HTTP/2 on Firefox

Firefox 36 arrives with full HTTP/2 support and a new design for Android tablets. Mozilla launched Firefox 36 for Windows, Mac, Linux, and Android. The biggest news for the browser is undoubtedly HTTP/2 support. HTTP/2, the second major version of Hypertext Transfer Protocol (HTTP) and the biggest update in years.  HTTP/2 (originally named HTTP/2.0) is the second major version of the HTTP network protocol used by the World Wide Web. It is based on SPDY. It is the first new version of the HTTP protocol since HTTP 1.1, which was standardized back in June 1999.

What is HTTP/2? HTTP/2 is a replacement for how HTTP is expressed “on the wire.” It is not a ground-up rewrite of the protocol; HTTP methods, status codes and semantics are the same, and it should be possible to use the same APIs as HTTP/1.x (possibly with some small additions) to represent the protocol. HTTP/2 is defined for both HTTP URIs and for HTTPS URIs (over TLS, where TLS 1.2 or newer is required). Some implementations, such as Firefox,[21] have stated that they will only support HTTP/2 when it is used over an encrypted connection. It’s very unlikely that you’ll ever see unencrypted HTTP/2. The reason is that there is a lot of existing infrastructure (e.g. proxies, load balancers, firewalls) that would fail if it encountered HTTP/2 frames.

 The proposed changes do not require any changes to how existing web applications work, but new applications can take advantage of new features for increased speed. According to A Simple Performance Comparison of HTTPS, SPDY and HTTP/2 article HTTP/2 is likely to provide significant performance advantages compared to raw HTTPS. HTTP/2 reduces the number of connections that have to be setup to download a page.

http2 explained describes the protocol HTTP/2 at a technical and protocol level. Background, the protocol, the implementations and the future.



1 Comment

  1. Tomi Engdahl says:

    CloudFlare intros HTTP/2, so we can ‘spend holiday time with our family’
    So … erm, that’s a good thing, probably

    CloudFlare is introducing HTTP/2 support for all of its users, to be available on all SSL/TLS connections – while still supporting SPDY – so netizens can spend more time with their families instead of waiting for pages to load this Christmas.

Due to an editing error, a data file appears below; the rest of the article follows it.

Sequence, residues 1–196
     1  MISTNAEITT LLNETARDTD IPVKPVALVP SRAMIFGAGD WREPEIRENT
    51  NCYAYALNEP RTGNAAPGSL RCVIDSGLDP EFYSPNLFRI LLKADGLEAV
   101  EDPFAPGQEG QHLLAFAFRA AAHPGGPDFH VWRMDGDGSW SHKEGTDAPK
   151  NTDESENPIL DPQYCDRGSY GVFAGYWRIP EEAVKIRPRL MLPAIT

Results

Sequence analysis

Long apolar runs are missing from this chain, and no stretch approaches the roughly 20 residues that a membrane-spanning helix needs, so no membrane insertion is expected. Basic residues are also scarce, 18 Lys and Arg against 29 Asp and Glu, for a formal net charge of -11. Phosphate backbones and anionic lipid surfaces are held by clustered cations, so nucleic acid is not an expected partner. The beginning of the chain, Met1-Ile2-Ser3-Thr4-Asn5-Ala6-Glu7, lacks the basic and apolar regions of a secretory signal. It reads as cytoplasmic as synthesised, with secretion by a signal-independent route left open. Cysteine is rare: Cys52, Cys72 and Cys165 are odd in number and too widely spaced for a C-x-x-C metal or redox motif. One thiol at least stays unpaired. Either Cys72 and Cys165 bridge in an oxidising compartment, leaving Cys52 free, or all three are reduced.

Talking to The Register on Tuesday night, CloudFlare CEO Matthew Prince explained the company’s “multiple step rollout” of the future of the web.

    “The first step really started when we turned on TLS. Thursday will be the second step, when we announce base protocol support for everyone,” Prince said, before admitting “for most customers we’ve actually quietly already turned it on.”

    “The way we do rollouts is roll out to free customers in one particular data centre: free customers in Toronto in this instance. So as of last Wednesday, they went live, so that happened quietly, and over the holiday weekend in the US we’ve been expanding that to other data centres,” said Prince.

    “So, by the end of Tuesday we’d be done with the push (so it’s in all facilities) and then Wednesday is just a day of buffer before the announcement on Thursday. The third step is what we’re doing in the New Year,” he added.

    Dodging HTTP/2 scanners for “a massive spike” on Thursday, Prince stated that the rollout will be “a Christmas present to the internet”.

    “This is the first time that the underlying protocol of the internet, HTTP, has been updated since 1998, so it’s a pretty big change on one level, but on another level it’s just based on a protocol developed by Google called SPDY,” said Prince.

    While not initially developed to replace HTTP, the method in which it overrides connection management and data transfer formats has substantially informed the Internet Engineering Task Force’s HTTP/2.

    CloudFlare has supported SPDY for just over three years, and Prince claimed that “75 per cent of the top Alexa websites support SPDY because of CloudFlare”.

    “When HTTP/2, which was really an outgrowth of SPDY, came out, we committed to making sure this was available to all of our users, including those using our service for free. We don’t believe you should pay a tax to be a part of the modern internet,” said Prince.


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